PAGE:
The Tour Take | Tour de France Stage 18
1st – Arnaud Demare (Groupama - FDJ)
2nd – Chrostophe Laporte (Cofidis, Solutions Credits)
3rd – Alexander Kristoff (UAE-Team Emirates)
Stage 18 provided a brief respite from the GC battle with a 171km sprint stage from Trie-sur-Baise to Pau. With less than 1500m of climbing and only two categorised climbs, it wasn’t a super difficult course. However the last of the two Cat 4 climbs came with only 20km to go, providing the opportunity for late drama that might worry the sprinters. The Cote d’Amos was 2.1km at 4.6%, with a false flat plateau over the top that finished with 12km to go. A downhill run in the final few kilometres made for a quick finish, with several roundabouts in the finale.
Yellow – Geraint Thomas (Team Sky)
Green – Peter Sagan (Bora – hansgrohe)
Polka Dot – Julian Alaphilippe (Quick-Step Floors
White – Pierre Latour (AG2R La Mondiale)
There was heavy competition to get in the break, and it took 20 minutes for them to go away. We did see a 5 man break go, with Luke Durbridge, Mat Hayman, Niki Terpstra, Nicholas Boudet and Guillaume Van Kiersbulck all making it.
Groupama-FDJ were particularly keen to keep the break on a short leash, with the gap getting to a maximum of just over 2:00 and floating down to 1:00 at times. With such a small gap, we saw several attempts by riders trying to break across, but none were successful.
A hard pace on the Cote d’Amos killed the break, they were caught just after cresting the climb.
The peloton did split as they crested the Cote d’Amos, an attack by Simon Clarke took six riders across to the break, but that move was nullified with 15km to go. Groupama-FDJ were still controlling the peloton, confident in their man Arnaud Demare.
It was a quick run down into Pau, with Bora – hansgrohe highly visible. Despite Peter Sagan’s crash yesterday, they were confident in the World Champ. UAE-Team Emirates and Trek were also towards the front, helping to control the pace.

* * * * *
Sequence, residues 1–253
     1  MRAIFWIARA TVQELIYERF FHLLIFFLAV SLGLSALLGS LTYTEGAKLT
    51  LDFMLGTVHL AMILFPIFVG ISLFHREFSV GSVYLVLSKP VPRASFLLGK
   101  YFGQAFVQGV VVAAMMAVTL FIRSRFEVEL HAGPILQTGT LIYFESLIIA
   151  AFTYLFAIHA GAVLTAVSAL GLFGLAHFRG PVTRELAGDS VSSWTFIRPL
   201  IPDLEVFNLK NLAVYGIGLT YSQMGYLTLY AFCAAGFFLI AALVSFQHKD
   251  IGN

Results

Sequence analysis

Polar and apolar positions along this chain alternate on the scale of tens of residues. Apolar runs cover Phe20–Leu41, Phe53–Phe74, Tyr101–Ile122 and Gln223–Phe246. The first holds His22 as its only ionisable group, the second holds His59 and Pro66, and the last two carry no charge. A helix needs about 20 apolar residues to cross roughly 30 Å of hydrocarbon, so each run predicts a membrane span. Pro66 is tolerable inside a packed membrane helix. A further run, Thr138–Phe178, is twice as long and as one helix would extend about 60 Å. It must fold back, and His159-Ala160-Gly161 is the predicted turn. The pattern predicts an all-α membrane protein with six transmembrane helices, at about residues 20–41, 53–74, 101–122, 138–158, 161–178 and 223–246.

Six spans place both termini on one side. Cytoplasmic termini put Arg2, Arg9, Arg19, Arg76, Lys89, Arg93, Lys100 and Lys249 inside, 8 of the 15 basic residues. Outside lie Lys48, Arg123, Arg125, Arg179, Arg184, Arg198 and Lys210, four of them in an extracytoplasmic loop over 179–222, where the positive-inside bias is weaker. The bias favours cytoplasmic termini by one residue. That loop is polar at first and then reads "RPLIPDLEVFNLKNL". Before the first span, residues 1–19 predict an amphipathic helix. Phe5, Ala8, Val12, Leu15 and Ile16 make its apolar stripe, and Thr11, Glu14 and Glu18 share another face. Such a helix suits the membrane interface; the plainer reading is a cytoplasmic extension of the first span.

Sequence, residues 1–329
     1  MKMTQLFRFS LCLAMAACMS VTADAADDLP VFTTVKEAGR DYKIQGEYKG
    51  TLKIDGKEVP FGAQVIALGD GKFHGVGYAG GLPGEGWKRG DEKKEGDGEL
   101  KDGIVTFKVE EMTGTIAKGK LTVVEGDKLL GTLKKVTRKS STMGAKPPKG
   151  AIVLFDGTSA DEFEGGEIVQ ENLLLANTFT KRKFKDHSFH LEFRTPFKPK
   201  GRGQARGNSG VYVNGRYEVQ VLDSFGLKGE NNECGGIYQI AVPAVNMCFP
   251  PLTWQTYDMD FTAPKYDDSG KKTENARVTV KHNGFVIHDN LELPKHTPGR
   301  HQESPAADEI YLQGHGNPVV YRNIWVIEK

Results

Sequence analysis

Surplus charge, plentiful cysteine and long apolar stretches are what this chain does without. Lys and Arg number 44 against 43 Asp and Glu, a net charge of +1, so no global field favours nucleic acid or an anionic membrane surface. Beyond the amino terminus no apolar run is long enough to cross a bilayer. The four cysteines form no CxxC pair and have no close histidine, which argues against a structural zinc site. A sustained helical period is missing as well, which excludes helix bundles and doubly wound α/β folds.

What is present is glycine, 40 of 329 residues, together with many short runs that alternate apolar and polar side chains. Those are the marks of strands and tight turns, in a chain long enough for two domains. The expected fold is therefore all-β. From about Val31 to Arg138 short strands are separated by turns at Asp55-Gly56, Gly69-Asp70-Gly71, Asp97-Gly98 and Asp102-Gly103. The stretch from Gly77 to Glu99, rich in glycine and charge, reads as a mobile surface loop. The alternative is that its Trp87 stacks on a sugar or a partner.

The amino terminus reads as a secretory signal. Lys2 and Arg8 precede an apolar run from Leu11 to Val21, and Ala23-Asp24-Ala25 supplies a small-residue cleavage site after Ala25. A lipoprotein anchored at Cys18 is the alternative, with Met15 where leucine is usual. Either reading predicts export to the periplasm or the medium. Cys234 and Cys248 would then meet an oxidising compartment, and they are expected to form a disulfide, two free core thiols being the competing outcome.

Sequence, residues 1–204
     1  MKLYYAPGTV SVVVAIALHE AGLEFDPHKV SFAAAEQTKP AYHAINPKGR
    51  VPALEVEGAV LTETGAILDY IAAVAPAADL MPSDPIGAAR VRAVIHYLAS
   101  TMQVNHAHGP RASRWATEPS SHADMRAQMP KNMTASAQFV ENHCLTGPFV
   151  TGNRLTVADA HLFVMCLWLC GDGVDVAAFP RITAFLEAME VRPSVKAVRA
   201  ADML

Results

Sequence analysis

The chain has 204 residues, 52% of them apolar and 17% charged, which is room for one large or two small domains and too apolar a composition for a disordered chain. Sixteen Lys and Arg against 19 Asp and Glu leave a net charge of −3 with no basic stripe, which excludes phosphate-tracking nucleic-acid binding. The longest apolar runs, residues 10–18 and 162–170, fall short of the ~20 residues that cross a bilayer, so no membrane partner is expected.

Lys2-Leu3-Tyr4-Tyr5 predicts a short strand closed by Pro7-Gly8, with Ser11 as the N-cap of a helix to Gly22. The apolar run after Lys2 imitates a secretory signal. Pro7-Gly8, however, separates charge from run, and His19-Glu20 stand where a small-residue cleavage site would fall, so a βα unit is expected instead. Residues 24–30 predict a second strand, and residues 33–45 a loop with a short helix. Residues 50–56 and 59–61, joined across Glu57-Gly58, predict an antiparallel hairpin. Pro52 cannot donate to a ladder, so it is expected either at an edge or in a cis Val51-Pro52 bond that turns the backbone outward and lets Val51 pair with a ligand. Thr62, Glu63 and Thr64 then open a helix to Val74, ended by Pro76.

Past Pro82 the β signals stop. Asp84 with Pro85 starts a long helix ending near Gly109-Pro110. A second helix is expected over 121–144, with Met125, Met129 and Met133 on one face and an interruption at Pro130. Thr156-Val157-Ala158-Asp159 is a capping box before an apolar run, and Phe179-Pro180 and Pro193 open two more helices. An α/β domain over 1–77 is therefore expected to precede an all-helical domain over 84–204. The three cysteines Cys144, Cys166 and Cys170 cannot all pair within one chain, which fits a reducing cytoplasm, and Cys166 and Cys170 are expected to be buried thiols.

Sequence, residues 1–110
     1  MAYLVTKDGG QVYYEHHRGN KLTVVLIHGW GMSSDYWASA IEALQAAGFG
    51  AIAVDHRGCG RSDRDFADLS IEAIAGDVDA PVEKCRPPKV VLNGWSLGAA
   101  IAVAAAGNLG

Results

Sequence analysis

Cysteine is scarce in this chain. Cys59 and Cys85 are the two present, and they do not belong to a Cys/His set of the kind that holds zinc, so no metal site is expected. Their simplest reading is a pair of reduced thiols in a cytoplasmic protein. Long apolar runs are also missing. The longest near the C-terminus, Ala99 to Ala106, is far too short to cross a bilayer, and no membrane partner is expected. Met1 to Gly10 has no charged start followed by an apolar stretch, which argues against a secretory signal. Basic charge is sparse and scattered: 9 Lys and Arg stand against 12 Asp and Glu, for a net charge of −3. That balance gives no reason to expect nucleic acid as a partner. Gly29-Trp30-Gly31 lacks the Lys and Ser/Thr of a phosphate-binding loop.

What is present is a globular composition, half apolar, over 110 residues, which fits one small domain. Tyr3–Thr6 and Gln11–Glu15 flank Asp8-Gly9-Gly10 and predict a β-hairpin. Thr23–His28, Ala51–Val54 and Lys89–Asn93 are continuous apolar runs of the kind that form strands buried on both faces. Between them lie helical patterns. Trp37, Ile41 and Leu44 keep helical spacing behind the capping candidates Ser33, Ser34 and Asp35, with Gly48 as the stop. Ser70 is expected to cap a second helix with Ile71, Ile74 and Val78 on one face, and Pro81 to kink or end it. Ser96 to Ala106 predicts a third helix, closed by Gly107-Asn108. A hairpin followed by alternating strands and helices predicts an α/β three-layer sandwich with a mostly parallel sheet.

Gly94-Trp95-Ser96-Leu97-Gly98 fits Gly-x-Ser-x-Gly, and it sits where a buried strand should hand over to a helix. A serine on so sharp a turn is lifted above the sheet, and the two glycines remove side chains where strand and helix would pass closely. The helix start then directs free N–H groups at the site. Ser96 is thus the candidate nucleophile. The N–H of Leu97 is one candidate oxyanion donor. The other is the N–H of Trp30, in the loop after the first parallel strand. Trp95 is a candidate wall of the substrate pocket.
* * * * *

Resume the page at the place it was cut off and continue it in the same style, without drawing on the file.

Into to the final few kilometres and Peter Sagan slipped back, clearly off the pace, but FDJ were at the front again, and giving Demare a perfect lead out. He opened the sprint with 250m to go, and despite Christophe Laporte’s best efforts, nobody could come around. It’s Demare’s second TDF win and first this year, a great reward for suffering through the mountains when many counted him out.
Laporte in second was followed by Alexander Kristoff, with Edvald Boasson Hagen in fourth
The Next Stage
Stage 18 is one of the toughest in the tour, with six categorized climbs on the 200km route from Lourdes to Laruns. Though the first two are small, it gets tough after that, with the Category 1 Col d’Aspin (12km at 6.5%), the HC Col du Tourmalet (17.1km at 7.3%), the Cat 2 Col des Borderes (8.6km at 5.8%), and the double climb made up of the Col de Souler and the Col d’Aubisque (16.6km at 4.9%). They’ll then take a descent down into Laruns for the finish.
With such a hard day on the cards, a breakaway win could be likely. Look for some of the names we’ve seen frequent the front of the race in the last few days; Bauke Mollema, Adam Yates, or Rafal Majka. I’ll take Marc Soler who’s been slipping in there nearly every day. He’s been hugely impressive in the past three weeks, and it would be good to see Movistar reward him by letting him chase his own goals for the day.
See you back at the social club,